Culturing Microworms raising microworms breedingmicroworms
growing micro worms


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Culturing Microworms

Microworms are extremely prolific and easy to grow at home. Since they are smaller than newly hatched brine shrimp, they are ideal for small fry. Small fry can be given microworms as their first food, while extremely small fry need to feed on infusoria or similar for a while before they can switch to microworms. Many small fish species, such as tetras, will actually appreciate microworms throughout their entire life.

Despite their common name, microworms are not really worms – they are nematodes. Some nematodes make great fish food while other nematodes are parasitic and will cause bad health in fish. The nematodes grown by aquarist to serve as fish food are normally a type of nematodes that feeds on starchy food, such as oatmeal, flour and similar. They are therefore completely harmless for your fish and you can add live microworms to the aquarium without risking the health of your pets. 

Culturing microworms
If you want to grow your own microworms, you need a starter culture, some unsalted oatmeal and a suitable box.  

  1. Purchase a starter culture from a pet store or contact you local fish club and ask if anyone is willing to give or sell you some microworms.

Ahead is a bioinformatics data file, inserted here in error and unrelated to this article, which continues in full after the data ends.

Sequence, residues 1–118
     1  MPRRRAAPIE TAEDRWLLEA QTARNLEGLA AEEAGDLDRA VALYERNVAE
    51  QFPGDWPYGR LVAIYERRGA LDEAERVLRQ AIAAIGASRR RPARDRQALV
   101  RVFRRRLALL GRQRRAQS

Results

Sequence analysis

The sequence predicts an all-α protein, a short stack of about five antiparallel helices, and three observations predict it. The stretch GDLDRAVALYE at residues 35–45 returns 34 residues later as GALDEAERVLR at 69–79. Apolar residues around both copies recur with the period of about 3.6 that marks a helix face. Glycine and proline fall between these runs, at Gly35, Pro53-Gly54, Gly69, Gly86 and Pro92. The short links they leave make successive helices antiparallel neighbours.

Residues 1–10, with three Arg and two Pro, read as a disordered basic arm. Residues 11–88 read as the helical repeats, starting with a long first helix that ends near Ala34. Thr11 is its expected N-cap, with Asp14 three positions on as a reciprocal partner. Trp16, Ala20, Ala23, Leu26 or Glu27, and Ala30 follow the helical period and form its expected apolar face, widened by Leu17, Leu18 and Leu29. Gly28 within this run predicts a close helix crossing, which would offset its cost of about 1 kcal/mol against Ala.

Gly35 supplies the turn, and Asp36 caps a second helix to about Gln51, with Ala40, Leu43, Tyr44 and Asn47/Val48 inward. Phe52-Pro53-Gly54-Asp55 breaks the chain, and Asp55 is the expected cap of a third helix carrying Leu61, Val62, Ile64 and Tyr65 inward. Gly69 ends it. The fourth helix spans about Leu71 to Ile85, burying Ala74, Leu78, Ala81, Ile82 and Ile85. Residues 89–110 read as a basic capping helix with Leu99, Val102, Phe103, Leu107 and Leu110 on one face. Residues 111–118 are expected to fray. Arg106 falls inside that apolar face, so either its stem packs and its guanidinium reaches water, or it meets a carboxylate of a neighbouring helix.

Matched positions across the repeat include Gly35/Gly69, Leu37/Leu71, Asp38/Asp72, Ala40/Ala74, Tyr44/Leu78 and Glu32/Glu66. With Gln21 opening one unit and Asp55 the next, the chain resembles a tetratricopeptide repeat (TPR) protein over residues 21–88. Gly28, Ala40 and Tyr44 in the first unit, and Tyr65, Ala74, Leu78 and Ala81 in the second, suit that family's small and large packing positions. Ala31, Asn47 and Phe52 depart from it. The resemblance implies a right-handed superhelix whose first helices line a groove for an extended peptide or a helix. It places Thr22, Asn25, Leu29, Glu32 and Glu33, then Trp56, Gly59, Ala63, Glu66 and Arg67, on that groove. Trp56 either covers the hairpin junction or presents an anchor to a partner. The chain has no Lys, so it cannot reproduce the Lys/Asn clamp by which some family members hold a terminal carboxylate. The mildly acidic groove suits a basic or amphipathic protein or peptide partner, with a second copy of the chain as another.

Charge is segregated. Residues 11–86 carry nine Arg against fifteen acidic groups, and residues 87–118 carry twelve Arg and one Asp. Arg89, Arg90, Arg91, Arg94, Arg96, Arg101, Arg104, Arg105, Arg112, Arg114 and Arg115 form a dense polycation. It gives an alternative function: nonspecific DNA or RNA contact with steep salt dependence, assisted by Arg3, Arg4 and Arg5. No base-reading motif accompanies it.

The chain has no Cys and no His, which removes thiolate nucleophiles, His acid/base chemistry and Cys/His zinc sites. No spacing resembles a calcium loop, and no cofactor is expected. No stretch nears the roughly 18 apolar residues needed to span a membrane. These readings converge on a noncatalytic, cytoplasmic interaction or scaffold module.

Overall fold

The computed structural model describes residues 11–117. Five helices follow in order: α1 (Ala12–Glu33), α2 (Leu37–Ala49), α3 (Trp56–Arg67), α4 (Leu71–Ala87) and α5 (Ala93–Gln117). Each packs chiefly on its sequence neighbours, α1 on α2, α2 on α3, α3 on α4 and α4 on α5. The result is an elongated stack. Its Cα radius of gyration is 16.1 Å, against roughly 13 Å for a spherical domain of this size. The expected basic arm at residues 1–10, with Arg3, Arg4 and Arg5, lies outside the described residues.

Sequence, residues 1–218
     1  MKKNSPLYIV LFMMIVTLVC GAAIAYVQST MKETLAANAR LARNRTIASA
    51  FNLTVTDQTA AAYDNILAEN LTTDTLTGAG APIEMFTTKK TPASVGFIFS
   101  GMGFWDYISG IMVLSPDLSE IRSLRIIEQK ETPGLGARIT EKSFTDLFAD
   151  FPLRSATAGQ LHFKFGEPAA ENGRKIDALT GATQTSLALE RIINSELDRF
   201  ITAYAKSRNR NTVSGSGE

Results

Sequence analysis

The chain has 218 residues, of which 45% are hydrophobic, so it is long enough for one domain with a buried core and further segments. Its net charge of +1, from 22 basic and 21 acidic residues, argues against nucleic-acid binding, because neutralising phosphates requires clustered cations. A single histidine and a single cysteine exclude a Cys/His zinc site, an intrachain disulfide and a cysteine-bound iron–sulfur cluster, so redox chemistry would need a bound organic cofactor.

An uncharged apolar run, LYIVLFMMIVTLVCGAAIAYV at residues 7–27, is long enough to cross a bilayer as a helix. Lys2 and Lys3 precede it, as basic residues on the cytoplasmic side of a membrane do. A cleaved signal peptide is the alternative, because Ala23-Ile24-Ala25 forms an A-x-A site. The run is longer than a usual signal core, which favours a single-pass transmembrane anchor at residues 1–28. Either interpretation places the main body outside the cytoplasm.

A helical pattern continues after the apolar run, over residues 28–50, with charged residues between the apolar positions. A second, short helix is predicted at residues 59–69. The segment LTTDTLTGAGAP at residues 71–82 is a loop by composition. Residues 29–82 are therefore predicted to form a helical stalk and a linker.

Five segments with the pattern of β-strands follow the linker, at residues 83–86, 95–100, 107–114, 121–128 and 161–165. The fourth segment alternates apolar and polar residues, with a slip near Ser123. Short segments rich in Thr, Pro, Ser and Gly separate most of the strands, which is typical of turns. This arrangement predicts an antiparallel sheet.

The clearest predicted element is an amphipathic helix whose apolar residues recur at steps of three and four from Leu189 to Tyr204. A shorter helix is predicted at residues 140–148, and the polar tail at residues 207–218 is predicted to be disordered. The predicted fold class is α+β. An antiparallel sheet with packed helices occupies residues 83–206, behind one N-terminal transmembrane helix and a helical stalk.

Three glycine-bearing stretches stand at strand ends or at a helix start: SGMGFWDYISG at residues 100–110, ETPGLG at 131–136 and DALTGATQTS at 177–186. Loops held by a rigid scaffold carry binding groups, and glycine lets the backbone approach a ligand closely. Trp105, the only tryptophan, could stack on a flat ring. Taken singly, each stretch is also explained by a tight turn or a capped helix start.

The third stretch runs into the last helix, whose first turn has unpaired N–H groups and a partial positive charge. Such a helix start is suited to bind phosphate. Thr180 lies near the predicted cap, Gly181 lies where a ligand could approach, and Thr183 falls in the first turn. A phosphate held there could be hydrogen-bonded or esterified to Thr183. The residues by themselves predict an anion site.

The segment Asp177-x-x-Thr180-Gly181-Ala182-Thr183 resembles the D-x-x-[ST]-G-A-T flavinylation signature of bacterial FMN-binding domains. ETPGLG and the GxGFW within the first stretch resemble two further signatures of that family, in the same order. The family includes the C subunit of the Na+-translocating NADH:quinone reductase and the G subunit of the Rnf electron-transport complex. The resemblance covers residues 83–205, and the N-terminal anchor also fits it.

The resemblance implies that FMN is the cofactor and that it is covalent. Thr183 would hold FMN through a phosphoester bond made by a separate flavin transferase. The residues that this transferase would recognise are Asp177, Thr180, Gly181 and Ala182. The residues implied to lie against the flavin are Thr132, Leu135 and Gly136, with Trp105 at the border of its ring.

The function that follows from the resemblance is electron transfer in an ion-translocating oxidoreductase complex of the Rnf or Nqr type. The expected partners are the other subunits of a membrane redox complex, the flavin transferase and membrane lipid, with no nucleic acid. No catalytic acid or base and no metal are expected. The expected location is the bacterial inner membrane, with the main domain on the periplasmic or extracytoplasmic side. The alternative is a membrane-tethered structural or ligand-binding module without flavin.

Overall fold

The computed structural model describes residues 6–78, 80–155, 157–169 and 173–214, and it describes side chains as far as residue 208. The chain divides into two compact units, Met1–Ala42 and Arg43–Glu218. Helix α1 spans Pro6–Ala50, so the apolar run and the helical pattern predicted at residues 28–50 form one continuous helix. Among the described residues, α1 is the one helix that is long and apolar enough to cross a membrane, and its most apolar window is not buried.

2. Make a small batch of oatmeal according to the directions from the manufacturer, but add somewhat less water and cook it a bit longer than normally. You want the oatmeal to be like really thick porridge.
  3. Cover the bottom of your box with ½ inch of the oatmeal. You can for instance use an empty margarine box.
  4. Leave the oatmeal to cool in room temperature.
  5. Pour a pinch of active yeast over the oatmeal.
  6. Add your starter culture to the box. One spoonful of worms is enough to kick-start the cultivation.
  7. Put a lid on the box to prevent insects from entering.
  8. Push a few small holes in the lid to allow moist to escape.  
  9. Place the box at room temperature and wait. Within a couple of days, the oatmeal should start to look a bit soupy and smell yeasty. 
  10. If everything goes according to plan, you can start harvesting microworms after one week.
  11. Microworms can be kept running for several weeks, but sooner or later the content of the box will develop a deep, dark brown color. This means that your microworms have devoured most of the oatmeal and the box is now filled with excrement and discarded debris. Make a new batch of oatmeal in another box, sprinkle yeast on top and add a spoonful of microworms from the old box. 

Harvesting microworms

  • Place the box in a warm place, e.g. on top of your aquarium lights. The microworms will crawl to the top to escape from the heat.
  • Wait 10-20 minutes before using a dull plastic knife or similar to scrape the sides of the box.
  • Place the plastic knife in a water filled jar to rinse off the worms.
  • Use an eye dropper to suck up the microworms and feed them to your fry.

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Culturing Microworms